It is a Small World After All: World Relief

Margaret Clemens is a junior majoring in Development Studies, with minors in Non‐Profit Studies, and Youth Development. She participated in an internship with World Relief. Here is her story.

“I’m sitting quiet and shoeless in a small apartment. I’ve just been served a large plate of grapes and a Fanta, the latter I sip as I watch a Nepalese movie playing in the background. All around me there are people chattering in Nepali, animated and with large smiles on their face. I can’t even begin to understand what they are saying, but every now and then I catch “Maggie” or “World Relief,” so I know at least some of it has to do with me. I catch the irony of the situation and smile at the humor; me, a white girl from the suburbs now sitting as the guest in a Nepali home, and it’s not even the first time this week. I don’t truly fit in here, yet there’s nowhere else I’d rather be.

I began as an intern in January of my sophomore year at World Relief, an international non‐profit organization with offices in 17 countries and 23 branches in the United States. They describe their vision as this: “In community with the local Church, World Relief envisions the most vulnerable people transformed economically, socially, and spiritually.” As a Christian organization, World Relief partners with local churches and organizations to “STAND FOR THE VULNERABLE;” this focus includes equal opportunities for children, women, the displaced, and the devastated.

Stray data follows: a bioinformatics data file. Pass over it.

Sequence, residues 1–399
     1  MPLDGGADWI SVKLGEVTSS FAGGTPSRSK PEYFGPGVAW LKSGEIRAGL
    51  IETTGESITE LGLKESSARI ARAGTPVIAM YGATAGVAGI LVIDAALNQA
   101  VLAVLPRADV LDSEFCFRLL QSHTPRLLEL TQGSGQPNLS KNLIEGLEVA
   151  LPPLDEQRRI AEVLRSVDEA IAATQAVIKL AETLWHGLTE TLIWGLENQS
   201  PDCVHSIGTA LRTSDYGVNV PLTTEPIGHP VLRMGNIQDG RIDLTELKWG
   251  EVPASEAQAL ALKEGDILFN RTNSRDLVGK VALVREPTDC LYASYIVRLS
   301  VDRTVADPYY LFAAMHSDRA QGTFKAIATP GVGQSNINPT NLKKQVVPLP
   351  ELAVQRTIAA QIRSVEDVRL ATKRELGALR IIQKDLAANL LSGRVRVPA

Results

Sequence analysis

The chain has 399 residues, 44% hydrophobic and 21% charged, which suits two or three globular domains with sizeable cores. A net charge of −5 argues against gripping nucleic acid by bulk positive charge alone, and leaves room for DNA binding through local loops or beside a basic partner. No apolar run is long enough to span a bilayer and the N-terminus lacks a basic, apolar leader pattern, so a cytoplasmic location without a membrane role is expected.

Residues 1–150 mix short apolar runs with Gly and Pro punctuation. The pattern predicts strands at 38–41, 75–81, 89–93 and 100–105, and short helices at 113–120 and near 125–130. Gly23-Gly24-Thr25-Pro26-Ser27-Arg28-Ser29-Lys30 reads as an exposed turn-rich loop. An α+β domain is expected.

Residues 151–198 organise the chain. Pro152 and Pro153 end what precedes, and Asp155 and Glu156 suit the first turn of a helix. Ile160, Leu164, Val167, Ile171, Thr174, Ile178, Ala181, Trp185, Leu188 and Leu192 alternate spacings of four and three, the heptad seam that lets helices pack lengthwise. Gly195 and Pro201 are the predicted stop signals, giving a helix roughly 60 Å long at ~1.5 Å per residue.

Although World Relief is multifaceted within international aid, the Columbus office is solely focused on refugee resettlement. World Relief began under the name “War Relief Commission” in 1944, and since then has resettled more than 220,000 displaced, persecuted, and suffering refugees. In Columbus we’ve seen refugees from all over the world, mostly from Somalia or Nepal, and many with stories complicated both by bureaucracy and the language barrier. As they arrive and we move them into their new home I try to imagine what must be going through their minds: how did I get here? Interestingly enough, that’s exactly what I was thinking.

The road to my present begins with something that many believe belongs in the past: faith. Not everyone will agree with me, but I think it’s important to mention how I got to where I am now. The reason I desire to help the poor, needy, and suffering is because they are created beings, just like me, and there is a God who loves those who are hurting more than I ever will. In our society it is hard enough to live a life committed to serving other people, and harder still if behind each person you help is hundreds more that you cannot. The problem can be overwhelming, and even more so when the reality sets in that we’ll all eventually die, no matter what kind of life we’re living. A modern perspective today is that we should “love everyone,” but this has no basis if humans are simply biological processes who lack inherent value and will inevitably die. Value and purpose must come from an external source, a source outside our finite lives. We cannot help everyone, and for that reason I have to believe there is a God who can give us an opportunity for redemption, and did, with His son’s death.